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Unformatted text preview: s frequency is always lower in comparison with the
natural frequency under the fixed-based condition. With the increasing embedding depth of the basement, the
resonance frequency of the coupling system increase and
the amplitude shows a decreasing tendency. This is caused by both the increased restraint effect and the
radiation damping due to the embedding, as previously
described. The vibration of the coupling system during an earthquake
The figure shows the
behavior of a building
with a basement during
For simplification, the
seismic waves are
assumed as sine waves
with the frequency f Hz
and with displacement
only in horizontal direction.
They are propagating upward at a right angle to the ground
surface. (This type of seismic waves is called SH-waves)
As shown, the amplitude of the seismic waves amplifies
when the seismic waves approach the ground surface. The seismic input motion into the building through the
basement takes place not only through the bottom surface,
but also through the side walls.
The seismic input motion from the bottom surface becomes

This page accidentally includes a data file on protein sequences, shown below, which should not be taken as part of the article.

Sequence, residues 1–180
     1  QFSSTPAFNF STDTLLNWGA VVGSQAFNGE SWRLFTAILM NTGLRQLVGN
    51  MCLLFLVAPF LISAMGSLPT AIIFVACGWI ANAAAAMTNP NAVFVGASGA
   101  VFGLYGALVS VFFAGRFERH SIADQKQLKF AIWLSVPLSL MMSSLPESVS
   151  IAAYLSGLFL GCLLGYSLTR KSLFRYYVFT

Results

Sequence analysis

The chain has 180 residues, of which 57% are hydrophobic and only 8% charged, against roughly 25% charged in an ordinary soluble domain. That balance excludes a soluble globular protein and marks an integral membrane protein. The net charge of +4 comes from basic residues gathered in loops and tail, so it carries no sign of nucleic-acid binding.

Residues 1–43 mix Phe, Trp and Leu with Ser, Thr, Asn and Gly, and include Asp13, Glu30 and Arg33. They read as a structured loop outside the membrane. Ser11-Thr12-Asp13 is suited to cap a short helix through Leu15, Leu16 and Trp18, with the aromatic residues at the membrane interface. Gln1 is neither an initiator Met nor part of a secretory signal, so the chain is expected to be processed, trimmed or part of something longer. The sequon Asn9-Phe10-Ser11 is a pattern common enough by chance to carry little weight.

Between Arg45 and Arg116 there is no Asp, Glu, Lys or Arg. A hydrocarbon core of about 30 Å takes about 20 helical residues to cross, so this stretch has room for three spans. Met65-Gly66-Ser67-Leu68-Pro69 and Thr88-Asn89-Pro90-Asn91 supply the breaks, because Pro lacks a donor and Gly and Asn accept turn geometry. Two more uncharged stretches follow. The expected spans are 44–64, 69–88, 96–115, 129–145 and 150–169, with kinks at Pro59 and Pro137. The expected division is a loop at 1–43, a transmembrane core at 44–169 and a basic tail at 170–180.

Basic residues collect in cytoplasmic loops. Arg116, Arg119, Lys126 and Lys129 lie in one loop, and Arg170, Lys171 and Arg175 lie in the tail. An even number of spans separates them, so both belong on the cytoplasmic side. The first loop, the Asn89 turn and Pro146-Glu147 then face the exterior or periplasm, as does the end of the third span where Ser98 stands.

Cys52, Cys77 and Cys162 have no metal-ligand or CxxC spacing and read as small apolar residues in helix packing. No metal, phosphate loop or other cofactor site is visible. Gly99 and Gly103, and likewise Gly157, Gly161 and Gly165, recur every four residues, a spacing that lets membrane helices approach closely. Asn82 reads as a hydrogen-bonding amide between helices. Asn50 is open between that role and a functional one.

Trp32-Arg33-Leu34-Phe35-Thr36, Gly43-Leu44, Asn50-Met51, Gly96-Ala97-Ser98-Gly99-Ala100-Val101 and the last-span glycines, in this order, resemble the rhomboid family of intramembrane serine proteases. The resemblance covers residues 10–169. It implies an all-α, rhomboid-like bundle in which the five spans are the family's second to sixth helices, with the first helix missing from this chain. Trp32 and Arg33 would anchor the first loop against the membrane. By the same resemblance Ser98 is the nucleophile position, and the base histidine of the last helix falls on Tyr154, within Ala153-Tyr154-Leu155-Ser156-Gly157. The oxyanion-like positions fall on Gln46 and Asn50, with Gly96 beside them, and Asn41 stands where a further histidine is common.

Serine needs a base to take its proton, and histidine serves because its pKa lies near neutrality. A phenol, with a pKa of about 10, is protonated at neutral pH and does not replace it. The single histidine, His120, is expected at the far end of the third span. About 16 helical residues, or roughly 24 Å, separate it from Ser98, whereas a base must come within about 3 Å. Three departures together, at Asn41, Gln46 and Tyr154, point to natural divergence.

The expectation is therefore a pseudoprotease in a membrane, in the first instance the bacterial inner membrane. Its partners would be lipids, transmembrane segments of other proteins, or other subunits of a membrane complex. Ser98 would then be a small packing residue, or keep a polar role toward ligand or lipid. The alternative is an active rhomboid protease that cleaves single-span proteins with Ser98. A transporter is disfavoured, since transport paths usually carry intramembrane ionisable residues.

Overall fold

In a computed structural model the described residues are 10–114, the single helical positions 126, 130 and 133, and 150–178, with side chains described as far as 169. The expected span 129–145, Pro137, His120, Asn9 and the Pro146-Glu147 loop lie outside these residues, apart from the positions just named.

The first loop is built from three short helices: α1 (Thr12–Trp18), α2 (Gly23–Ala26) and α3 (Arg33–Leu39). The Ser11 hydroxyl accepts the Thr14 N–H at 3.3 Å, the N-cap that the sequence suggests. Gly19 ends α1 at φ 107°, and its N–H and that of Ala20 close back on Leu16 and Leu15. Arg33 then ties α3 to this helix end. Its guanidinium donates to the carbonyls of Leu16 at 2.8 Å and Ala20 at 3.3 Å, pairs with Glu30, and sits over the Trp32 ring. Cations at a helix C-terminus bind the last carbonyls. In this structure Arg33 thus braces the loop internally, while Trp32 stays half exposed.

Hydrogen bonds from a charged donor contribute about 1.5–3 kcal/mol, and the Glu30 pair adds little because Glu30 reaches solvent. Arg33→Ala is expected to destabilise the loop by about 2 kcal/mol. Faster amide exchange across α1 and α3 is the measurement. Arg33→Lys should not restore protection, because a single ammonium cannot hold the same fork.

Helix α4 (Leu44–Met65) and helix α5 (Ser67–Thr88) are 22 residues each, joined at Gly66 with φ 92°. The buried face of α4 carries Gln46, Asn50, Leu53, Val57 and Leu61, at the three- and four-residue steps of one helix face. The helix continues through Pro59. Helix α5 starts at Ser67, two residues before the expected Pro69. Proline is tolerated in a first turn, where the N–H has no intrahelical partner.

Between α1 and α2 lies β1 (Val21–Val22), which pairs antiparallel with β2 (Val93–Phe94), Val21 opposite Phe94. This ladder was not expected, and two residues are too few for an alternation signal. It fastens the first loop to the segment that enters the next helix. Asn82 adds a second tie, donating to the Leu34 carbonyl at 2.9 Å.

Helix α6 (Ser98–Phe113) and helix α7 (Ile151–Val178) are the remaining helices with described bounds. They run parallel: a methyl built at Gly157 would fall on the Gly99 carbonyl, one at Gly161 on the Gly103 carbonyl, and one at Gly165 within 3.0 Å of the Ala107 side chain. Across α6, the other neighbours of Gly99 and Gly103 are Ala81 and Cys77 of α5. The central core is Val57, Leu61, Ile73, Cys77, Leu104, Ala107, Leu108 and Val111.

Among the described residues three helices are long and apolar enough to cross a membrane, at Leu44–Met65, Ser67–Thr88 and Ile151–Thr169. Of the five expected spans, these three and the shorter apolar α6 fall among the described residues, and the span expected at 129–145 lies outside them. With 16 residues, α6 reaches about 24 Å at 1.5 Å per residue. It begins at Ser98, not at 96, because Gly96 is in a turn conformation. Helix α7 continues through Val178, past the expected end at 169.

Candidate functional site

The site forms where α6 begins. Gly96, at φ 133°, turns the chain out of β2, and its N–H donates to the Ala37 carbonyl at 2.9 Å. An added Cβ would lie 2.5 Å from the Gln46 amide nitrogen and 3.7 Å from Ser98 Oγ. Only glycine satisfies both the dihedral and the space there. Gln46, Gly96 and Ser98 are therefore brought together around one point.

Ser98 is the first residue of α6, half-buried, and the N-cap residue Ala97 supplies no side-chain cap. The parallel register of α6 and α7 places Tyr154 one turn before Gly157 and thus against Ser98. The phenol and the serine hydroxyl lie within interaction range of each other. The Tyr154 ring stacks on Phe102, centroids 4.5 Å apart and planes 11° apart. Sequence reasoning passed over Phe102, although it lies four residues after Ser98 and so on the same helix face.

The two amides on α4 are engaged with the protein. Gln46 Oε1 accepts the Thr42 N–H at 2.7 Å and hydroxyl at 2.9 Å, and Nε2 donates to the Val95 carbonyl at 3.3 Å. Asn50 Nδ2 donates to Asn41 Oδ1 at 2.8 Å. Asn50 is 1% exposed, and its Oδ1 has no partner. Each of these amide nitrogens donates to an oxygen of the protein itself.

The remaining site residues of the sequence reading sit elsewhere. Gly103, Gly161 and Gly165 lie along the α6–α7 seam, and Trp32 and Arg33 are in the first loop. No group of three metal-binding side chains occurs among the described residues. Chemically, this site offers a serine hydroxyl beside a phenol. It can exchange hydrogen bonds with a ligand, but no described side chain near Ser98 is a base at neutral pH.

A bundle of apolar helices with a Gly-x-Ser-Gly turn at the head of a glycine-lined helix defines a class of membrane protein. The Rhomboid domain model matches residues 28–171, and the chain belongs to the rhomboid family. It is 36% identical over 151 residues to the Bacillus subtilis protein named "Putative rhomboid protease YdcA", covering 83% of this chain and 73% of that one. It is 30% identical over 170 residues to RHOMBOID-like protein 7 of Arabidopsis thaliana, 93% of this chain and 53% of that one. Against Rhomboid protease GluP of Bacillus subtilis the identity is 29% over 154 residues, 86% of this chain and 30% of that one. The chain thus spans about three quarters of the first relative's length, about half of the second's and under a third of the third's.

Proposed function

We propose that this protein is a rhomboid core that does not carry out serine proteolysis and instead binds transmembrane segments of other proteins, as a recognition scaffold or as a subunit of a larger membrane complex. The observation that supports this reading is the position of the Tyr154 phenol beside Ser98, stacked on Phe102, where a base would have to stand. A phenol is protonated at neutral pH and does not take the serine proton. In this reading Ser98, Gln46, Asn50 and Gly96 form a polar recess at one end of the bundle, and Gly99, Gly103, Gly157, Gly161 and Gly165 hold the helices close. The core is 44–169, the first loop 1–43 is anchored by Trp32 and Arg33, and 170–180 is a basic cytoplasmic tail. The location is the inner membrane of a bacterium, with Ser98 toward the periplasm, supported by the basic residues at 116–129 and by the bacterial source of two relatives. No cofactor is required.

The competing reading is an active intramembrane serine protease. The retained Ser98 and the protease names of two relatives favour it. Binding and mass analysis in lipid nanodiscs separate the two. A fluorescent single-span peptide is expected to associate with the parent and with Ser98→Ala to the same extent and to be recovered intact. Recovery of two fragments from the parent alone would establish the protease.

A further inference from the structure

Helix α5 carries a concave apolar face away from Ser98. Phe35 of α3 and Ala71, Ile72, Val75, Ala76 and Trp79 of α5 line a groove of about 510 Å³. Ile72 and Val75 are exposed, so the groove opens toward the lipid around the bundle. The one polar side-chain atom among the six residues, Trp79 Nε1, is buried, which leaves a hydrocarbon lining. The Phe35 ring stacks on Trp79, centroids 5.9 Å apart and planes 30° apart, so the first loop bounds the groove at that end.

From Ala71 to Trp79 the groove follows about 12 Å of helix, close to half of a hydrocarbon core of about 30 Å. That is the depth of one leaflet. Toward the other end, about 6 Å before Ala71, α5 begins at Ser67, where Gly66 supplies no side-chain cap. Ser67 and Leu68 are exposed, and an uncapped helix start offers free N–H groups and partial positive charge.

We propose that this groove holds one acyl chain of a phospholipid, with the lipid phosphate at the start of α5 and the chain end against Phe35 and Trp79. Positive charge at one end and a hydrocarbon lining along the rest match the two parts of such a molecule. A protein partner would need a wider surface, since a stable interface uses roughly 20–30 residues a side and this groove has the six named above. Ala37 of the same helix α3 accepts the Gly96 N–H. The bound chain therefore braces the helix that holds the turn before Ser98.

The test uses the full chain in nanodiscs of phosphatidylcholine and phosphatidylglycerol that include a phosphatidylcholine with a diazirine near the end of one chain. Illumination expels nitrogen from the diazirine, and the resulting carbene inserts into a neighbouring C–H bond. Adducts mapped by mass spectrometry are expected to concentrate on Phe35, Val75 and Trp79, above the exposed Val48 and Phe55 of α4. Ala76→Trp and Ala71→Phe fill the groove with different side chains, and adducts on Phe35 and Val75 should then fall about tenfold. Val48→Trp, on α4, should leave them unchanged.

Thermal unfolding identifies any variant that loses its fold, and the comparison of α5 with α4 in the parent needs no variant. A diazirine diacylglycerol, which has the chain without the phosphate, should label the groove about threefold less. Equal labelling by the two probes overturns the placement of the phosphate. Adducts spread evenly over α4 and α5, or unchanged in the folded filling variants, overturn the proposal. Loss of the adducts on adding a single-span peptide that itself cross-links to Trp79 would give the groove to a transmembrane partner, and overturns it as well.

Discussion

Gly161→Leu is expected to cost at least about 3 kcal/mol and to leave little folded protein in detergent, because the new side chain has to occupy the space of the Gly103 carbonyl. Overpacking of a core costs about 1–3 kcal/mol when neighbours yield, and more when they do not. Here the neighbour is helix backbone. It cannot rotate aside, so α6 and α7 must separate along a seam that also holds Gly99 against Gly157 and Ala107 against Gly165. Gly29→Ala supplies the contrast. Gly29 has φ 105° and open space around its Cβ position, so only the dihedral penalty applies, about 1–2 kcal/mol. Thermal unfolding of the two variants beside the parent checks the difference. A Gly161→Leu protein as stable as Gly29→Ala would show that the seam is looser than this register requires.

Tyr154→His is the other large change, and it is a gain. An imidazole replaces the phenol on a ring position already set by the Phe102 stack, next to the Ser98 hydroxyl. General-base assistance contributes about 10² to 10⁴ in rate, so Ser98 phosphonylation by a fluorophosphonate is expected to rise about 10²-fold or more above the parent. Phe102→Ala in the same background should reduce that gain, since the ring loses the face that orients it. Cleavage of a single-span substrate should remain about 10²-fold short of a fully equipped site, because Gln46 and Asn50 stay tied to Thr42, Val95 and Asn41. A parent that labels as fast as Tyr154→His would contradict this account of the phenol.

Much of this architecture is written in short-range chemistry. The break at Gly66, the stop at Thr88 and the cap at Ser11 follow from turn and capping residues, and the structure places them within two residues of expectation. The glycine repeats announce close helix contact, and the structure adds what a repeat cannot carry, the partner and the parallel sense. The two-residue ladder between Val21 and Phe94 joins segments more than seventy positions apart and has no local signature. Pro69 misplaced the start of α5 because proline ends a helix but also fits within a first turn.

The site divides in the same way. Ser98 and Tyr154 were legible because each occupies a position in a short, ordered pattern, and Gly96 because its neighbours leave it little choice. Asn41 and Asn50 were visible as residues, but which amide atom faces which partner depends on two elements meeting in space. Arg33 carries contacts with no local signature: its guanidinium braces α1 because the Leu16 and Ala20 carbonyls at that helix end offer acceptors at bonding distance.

smaller, since the amplitude of the ground vibration
decreases with increasing depth of the basement.
However, the input from the walls increases, since the
contact area of the walls to the ground becomes wider.
When the basement has a high rigidity in comparison to the
ground, this input from the walls becomes the input
averaging the deformation of the ground.
Next, the input motion that has entered into the building
vibrates the building, and the vibration energy escapes from
the bottom surface of the basemen and the side walls as
radiation waves. The figure shows the
resonance curves at
the top of the building.
amplitude Ub at the
top of the building is
normalized by Ug at
the surface of the
The free field indicates the ground, which is located so far
that the response of the ground is not affected by the
existence of the building.
The resonance curves shown exhibit the embedding effect
described above. Dynamic Soil Structure Interaction END
Chapter 1 : Introduction Kenji MIURA, Dr. Eng.
Graduate School of Engineering
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- Summer '14